In 2015 it can feel like every day we are having to agree to some new terms of service or use to use this or that platform. We do it for apps we download on our phones, social media sites, and just about any site where you'd like to use something, especially something for free. Our lawyer friend Jonathan Tobin at Counsel for Creators has some advice on how to read those terms.
People have expressed concern about the terms of service for the newly-launched Amazon Handmade site. It seems that the biggest problem is that the license granted in the Amazon agreement is somewhat vague.
Here is what one version of the Amazon Handmade agreement says:
"License: You grant us a royalty-free, non-exclusive, worldwide, perpetual, irrevocable right and license to use, reproduce, perform, display, distribute, adapt, modify, re-format, create derivative works of, and otherwise commercially or non-commercially exploit in any manner, any and all of Your Materials, and to sublicense the foregoing rights to our Affiliates and operators of Amazon Associated Properties."
Etsy's agreement is a little different because while you give the same type of license, Etsy's language indicates that while you give them a license, the license is solely for promotional purposes. That makes it more benign.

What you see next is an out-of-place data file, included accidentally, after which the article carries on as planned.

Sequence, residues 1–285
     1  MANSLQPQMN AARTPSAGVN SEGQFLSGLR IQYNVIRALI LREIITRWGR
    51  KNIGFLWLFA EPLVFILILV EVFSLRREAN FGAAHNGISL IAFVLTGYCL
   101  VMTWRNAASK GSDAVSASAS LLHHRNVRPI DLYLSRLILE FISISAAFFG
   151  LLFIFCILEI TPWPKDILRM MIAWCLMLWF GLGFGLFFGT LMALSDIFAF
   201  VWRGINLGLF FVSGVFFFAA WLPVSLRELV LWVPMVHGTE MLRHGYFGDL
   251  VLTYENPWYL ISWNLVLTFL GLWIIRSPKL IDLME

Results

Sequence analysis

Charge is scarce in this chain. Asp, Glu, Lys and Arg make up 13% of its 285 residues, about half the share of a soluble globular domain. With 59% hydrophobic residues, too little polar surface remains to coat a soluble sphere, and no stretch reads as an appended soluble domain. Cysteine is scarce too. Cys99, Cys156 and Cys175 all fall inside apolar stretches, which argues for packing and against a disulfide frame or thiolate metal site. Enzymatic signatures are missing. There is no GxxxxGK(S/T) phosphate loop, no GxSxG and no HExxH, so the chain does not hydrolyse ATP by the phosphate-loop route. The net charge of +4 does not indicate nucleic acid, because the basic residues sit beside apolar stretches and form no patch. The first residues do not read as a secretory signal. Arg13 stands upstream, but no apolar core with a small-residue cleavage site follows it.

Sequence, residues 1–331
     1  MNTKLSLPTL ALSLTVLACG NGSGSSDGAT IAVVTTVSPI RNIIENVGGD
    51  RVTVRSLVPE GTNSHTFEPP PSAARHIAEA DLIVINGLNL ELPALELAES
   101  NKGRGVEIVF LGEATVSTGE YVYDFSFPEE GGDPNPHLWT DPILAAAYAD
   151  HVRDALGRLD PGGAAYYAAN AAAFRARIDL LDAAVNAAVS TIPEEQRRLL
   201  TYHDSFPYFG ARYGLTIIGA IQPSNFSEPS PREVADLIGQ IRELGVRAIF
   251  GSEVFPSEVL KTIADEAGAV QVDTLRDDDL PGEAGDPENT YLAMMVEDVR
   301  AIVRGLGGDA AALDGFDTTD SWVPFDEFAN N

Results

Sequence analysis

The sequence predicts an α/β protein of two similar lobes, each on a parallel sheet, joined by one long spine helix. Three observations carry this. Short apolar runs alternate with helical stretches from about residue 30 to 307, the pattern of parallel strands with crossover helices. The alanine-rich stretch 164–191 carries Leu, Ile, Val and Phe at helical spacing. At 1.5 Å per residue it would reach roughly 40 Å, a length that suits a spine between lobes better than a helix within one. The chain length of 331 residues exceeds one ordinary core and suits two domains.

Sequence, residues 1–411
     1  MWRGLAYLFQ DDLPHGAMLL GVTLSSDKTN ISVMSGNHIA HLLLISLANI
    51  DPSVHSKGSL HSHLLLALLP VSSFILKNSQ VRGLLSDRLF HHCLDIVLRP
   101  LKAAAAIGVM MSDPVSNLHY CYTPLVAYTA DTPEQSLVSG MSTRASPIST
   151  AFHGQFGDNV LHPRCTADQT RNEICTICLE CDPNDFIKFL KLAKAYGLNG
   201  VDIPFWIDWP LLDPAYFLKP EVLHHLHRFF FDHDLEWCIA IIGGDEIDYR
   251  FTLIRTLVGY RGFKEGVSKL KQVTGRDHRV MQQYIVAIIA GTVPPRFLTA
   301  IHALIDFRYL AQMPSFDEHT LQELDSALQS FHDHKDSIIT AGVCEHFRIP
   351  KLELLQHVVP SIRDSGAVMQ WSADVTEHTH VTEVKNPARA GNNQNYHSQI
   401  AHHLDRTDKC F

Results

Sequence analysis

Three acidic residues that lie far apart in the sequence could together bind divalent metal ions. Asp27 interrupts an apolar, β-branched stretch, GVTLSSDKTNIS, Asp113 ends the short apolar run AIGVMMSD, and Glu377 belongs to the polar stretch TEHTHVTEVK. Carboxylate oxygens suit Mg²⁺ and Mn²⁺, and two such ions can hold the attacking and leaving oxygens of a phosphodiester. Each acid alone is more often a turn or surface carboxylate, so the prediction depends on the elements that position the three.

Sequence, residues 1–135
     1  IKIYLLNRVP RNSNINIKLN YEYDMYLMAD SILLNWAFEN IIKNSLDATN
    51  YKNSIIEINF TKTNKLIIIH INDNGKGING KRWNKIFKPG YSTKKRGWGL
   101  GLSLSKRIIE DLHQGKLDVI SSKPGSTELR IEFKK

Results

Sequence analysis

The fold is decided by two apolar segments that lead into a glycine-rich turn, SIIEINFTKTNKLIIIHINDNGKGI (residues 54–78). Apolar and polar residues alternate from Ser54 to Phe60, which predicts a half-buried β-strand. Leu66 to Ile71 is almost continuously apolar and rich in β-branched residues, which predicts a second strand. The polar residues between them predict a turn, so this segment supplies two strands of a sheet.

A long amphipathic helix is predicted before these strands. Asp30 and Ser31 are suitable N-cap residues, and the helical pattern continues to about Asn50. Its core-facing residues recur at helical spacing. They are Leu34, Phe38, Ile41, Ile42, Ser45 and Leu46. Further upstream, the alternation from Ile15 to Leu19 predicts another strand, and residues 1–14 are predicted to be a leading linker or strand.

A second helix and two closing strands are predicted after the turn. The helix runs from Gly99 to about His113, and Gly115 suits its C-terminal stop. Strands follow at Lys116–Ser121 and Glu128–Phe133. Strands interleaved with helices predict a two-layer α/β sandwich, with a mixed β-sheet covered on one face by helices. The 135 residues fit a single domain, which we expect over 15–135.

The Etsy agreement limits its grant to the use and marketing of the Etsy website.
In contrast, the Amazon agreement appears to extend its grant to usage for any purpose. Theoretically, that means that Amazon could use their sellers' intellectual property for any purpose - even to set up competing businesses.
Is that what Amazon will do? Since none of us can read Amazon's collective mind, we need to proceed by way of conjecture.
Let's imagine a sinister situation: Amazon seeks to collect the valuable copyrights of many different Handmade sellers and launch a swarm of competing products, undercutting the original person in the process. This is bad, and definitely a huge red flag.
Sounds far-fetched, but it could happen. Technically, under the terms of the contract it might be possible. Remember, the license grant to Amazon doesn't specify a purpose for the license like the Etsy one does.
Would it happen? My guess is that it will not. Amazon likely wouldn't want to damage its goodwill and reputation by screwing over its sellers in this manner. That being the case, the best move for Amazon might be to tighten up the language so that sellers can be comforted knowing that Amazon isn't planning to hoover up rights.
So why does Amazon and Etsy include this type of language in its agreement anyways? The simple reason is that they want freedom to advertise and promote their sellers and site by using the images and products that are sold on the site. That is a totally legitimate reason, and my guess is that is what they are trying to do - they just need language that's a little more to the point.
Jonathan Tobin is a Los Angeles based attorney and helps creative businesses with issues involving copyright, trademark, contracts, business formation and anything else necessary to build a strong legal foundation. He can be found at Counsel for Creators.
This article is provided solely for informational purposes only. If you want real legal advice, hire a lawyer in your jurisdiction. Do not rely on this for making legal decisions. No attorney-client relationship is formed because of this article.